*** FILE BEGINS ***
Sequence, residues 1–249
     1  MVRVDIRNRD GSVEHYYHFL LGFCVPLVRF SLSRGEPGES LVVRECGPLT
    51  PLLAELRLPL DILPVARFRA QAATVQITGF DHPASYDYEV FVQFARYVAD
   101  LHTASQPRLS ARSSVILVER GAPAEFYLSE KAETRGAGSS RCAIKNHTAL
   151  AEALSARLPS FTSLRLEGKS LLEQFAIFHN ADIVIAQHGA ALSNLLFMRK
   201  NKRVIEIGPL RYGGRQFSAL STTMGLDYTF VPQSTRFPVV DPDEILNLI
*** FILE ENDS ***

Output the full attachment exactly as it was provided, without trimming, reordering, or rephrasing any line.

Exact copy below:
Sequence, residues 1–249
     1  MVRVDIRNRD GSVEHYYHFL LGFCVPLVRF SLSRGEPGES LVVRECGPLT
    51  PLLAELRLPL DILPVARFRA QAATVQITGF DHPASYDYEV FVQFARYVAD
   101  LHTASQPRLS ARSSVILVER GAPAEFYLSE KAETRGAGSS RCAIKNHTAL
   151  AEALSARLPS FTSLRLEGKS LLEQFAIFHN ADIVIAQHGA ALSNLLFMRK
   201  NKRVIEIGPL RYGGRQFSAL STTMGLDYTF VPQSTRFPVV DPDEILNLI